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Art and Star Wars: Reflections on Myth, Painting, and the Force

What if the Millennium Falcon landed on an art gallery?

"R2D2 C3P0 BFF" 9x9 mixed media on wood panel (cropped)“R2D2 C3P0 BFF” 9×9 mixed media on wood panel (cropped)

Dan Addington is a Chicago artist who specializes in encaustic painting, using a variety of materials and thick textures that emphasize paintings as visceral objects, evoking physical presence but mediating a deep, spiritual ethos (read his full bio here).

I’ve long been a fan of Dan’s work and when I discovered his recent series of “Star Wars” themed paintings, I decided to ask him some questions. Here are my questions (KR), Dan’s answers (DA), and a few of the images to boot:

KR: The subject matter (Star Wars characters) is a pretty big departure from your previous fare. What prompted a serious artist to take this turn?

DA: Earlier this year, I decided to do some large paintings for my 7 year old son’s Star Wars-themed birthday party. We were holding the party in my gallery space, and I felt like we needed something on the walls besides posters, decals, and the standard birthday decorations. I had 3 large canvases that had been sitting untouched in the studio for years (I typically work on panel).

On a lark, I did life-sized paintings of Darth Vader, Luke Skywalker, and Yoda in a style and with materials and colors that I don’t

index“Have You Met Boba Fett?” 9×9, mixed media on wood panel.

typically use. Often artists in any discipline discover that when they do something outside of their usual approach, it can be very rewarding, and in some cases can lead to new ideas or breakthroughs in their work. I really enjoyed working with a wider range of color and paint, as opposed to the mixed media techniques of tar and wax that I usually employ.

We had the party and the parents dug the paintings, but I don’t think the kids really noticed them. They were too busy dueling with light-sabers.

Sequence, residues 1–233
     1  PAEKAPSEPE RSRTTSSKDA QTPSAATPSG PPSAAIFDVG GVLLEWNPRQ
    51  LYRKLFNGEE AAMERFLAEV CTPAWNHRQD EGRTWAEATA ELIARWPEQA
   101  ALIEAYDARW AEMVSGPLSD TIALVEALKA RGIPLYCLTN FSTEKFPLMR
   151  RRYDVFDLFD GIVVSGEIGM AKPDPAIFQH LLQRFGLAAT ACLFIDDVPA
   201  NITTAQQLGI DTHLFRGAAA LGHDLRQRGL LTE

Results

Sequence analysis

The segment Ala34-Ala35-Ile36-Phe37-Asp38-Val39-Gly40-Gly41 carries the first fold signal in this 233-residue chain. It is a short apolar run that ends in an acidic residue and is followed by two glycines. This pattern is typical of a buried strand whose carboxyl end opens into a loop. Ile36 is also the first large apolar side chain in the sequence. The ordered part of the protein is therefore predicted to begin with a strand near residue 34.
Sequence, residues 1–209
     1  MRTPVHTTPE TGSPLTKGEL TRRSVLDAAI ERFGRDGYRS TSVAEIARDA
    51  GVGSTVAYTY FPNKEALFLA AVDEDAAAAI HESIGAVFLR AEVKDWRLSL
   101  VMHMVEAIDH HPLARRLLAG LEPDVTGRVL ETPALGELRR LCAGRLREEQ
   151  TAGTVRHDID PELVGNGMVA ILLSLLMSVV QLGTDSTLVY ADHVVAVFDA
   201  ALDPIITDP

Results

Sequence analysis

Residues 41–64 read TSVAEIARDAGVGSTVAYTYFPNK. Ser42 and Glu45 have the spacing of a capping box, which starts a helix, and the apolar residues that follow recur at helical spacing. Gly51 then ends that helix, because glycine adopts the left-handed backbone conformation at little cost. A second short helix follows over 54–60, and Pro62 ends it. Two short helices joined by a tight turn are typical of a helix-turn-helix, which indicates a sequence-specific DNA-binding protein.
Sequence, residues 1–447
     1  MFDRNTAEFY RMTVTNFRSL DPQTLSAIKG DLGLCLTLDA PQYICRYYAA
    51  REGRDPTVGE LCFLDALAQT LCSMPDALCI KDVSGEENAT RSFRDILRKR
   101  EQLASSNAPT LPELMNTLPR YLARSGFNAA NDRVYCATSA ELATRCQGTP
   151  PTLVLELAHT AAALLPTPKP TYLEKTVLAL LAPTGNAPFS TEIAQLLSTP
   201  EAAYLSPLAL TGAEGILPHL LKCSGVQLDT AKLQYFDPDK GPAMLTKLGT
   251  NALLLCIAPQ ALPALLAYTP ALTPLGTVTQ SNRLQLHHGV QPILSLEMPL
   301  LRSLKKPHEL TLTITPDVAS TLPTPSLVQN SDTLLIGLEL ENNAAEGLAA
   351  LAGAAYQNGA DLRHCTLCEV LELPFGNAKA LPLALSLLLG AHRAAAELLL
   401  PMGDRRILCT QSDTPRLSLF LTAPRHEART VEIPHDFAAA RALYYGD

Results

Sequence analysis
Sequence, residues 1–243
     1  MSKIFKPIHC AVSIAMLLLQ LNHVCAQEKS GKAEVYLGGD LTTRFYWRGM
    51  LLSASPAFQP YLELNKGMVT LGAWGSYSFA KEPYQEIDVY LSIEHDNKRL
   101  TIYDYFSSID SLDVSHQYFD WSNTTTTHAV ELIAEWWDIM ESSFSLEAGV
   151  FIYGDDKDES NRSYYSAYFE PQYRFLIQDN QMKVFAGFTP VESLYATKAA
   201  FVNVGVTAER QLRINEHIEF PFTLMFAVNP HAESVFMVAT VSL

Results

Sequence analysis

Last month I was picking up my son from school, and I got into a conversation with a friend who was at that birthday party with his son. He mentioned those paintings, and showed photos he had on his phone to another dad who was also standing there. That dad turned out to be the owner of Metropolis Coffee Company, which operates a large, well-known cafe/coffee shop on the North Side that regularly exhibits art. He asked me where those paintings were now, and I said “in storage” (they were way too big for my son’s room).

He suggested that with the new Star Wars movie coming out soon, it would be a great time to show them at the cafe. Of course, I couldn’t leave it like that, and decided to take the opportunity to create a series of small pieces to accompany the three large paintings that were already completed. So, I started working on this series using 9 inch square wood panels, and using mostly graphite and acrylic, which looks a bit like watercolor in many of the pieces.

KR: Your usual method (encaustic) is a very interesting way to put these familiar characters in a different setting. Have you found that to be an appealing aspect of this project? Taking these guys (and gals) off the screen and into the depth of your materials?  (I feel like it kind of gives them a mystical and spiritual orientation in a way that the big screen sometimes lack.)

Readmore: 
 Christian painting


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